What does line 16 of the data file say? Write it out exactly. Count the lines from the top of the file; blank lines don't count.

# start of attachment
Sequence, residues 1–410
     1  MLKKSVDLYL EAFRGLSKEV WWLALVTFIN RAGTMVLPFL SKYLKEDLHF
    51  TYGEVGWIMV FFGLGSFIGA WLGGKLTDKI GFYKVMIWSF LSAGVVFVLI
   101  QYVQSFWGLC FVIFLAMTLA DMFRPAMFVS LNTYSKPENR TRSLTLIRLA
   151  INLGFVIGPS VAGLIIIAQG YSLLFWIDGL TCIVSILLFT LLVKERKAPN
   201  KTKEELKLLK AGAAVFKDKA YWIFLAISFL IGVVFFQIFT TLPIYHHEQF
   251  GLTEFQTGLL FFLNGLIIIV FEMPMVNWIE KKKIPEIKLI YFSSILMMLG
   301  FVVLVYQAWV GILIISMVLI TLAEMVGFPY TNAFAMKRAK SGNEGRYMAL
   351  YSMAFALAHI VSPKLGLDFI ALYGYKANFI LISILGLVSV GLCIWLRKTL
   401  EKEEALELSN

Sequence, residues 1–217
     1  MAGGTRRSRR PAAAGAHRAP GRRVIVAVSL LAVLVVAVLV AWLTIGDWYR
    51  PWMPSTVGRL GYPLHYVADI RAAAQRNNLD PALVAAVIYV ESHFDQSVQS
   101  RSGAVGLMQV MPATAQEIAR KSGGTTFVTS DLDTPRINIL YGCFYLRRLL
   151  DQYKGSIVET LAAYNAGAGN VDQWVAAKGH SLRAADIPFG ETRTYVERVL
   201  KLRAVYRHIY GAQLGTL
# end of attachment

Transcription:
   201  KLRAVYRHIY GAQLGTL